09 Feb 2015

Nurse Surgical Assistant at Prince of Wales Private Hospital

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As most of you know it is common practice in Australia to have a doctor assist the obstetrician at caesarean sections. Indeed this practice is generally viewed as compulsory (although in the UK and NZ I often found myself performing a Caesar assisted only by the scrub nurse) and there are times when another pair of experienced hands can be very useful.

You will also be aware that surgical assistants at Prince of Wales Private Hospital will send you a bill for their services. Depending upon the time of day (or night) these doctors can charge anywhere from around $600 up to $1,000 (or occasionally more) to assist at your caesarean and you will usually get around $150 back from your Medicare and your Health Fund.

There is now a nursing surgical assistant at Prince of Wales Private Hospital called Cynthia Labi. Cynthia is an extremely capable assistant and I use her frequently. If Cynthia assists at your caesarean she will bill you a flat rate of $300. Because she is a nurse you will not be able to claim for her fee from either Medicare or your Health Fund but please note that you will be financially better off than if we used a doctor assistant – your out of pocket expense will be less than if a doctor assisted.


04 Dec 2014

Group B Strep

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Group B Streptococcus (Group B Strep)

Our mouths, our bottoms and our vaginas contain many bacteria. The overwhelming majority of these bacteria are harmless to our health. Group B Strep is a bacterium that lives in the vagina of 12-15% of Australian women. It is not a sexually transmitted disease (which means it is not the type of infection your mother warned you about when you were a teenager). Group B Strep does not usually cause any symptoms, and it is not harmful to women. However, if it is passed to a baby during a vaginal birth, it can rarely – extremely rarely – cause a serious infection in the newborn baby.

What does this mean for my baby?

Many babies will come into contact with Group B Strep during labour and birth and only a very small number of babies will become infected. Approximately 1% of babies exposed to Group B Strep at birth will develop an infection. It is therefore VERY rare. The majority of babies who come into contact with Group B Strep are not harmed. Of the babies that develop Group B Strep, a very small number of these babies will develop a serious infection such as pneumonia or meningitis.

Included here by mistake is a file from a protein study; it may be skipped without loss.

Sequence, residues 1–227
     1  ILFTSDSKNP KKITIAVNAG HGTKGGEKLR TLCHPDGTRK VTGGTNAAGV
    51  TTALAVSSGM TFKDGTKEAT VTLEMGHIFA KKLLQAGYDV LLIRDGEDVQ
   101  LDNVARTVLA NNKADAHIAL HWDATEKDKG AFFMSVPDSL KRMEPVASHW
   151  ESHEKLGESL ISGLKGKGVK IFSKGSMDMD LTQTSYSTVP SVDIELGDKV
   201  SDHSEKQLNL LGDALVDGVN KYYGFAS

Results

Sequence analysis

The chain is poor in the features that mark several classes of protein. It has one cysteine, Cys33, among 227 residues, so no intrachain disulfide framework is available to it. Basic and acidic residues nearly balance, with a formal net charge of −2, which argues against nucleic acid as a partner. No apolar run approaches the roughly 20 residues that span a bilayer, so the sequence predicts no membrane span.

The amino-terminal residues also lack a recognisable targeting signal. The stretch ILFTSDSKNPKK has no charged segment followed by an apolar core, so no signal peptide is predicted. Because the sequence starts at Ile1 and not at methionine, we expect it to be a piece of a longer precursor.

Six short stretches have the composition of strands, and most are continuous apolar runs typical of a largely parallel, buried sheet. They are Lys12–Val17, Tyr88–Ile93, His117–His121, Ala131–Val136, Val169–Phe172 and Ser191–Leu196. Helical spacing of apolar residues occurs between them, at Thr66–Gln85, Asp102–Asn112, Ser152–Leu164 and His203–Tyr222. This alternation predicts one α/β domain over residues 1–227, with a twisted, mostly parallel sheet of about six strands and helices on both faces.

Is there a test to see if my baby is at risk of contracting Group B Strep?

Yes. At around 35 weeks of pregnancy, you will be offered a vaginal bacteriology swab. This is a really simple test you can perform yourself – we just ask you to put a cotton bud just inside the entrance to your vagina. We will call you with your results within a few days.

How can my baby be protected from developing an infection?

If you have tested positive to Group B Strep on your vaginal swab at any time in pregnancy you will be offered antibiotics during your labour. These are administered into a plug in a vein in your arm, and do not prevent you moving around, or hopping into the shower or bath during labour. The usual antibiotic given for Group B Strep is penicillin; other antibiotics can be given if you are allergic to penicillin. You will also be offered antibiotics in labour if:

  • You have Group B Strep found in a urine sample
  • You have had a previous pregnancy affected by Group B Strep
  • You develop a temperature/fever during labour
  • Your waters have been broken for over 18 hours.
  • Your labour starts before 37 weeks gestation.



Are there risks with having antibiotics?

Side effects are extremely rare with intravenous antibiotics. Allergic reactions to antibiotics are vanishingly rare in women with no previous history of such allergies. In the extremely unlikely event of an allergic reaction occurring we are able to give you appropriate medication to treat the allergy. We believe that if you are positive for Group B Strep the risk of you suffering an allergic reaction to antibiotics is much, much less than the risk of your baby being harmed by Group B Strep.

Why don’t you give me antibiotics when we find out I am carrying Group B Strep, rather than waiting until I am in labour?

Good question. Logic would suggest that we should treat you and get rid of the Group B Strep once we find out about it. Unfortunately this approach does not work because the Group B Strep usually returns once you have been treated for it. This is why we only give you the antibiotics once you are in labour.

What if I come into hospital and give birth before the antibiotics can be administered?

Some babies can arrive very quickly. Whilst we recommend antibiotics in order to prevent a Group B Strep infection, it is important to remember that such infections are rare. If your baby is born before we can give you antibiotics we usually keep an extra close eye on your baby for signs of infection for the first 48 hours after birth. If there are other risk factors for infection (such as you having a fever in labour), we may give your baby one dose of antibiotics shortly after it is born.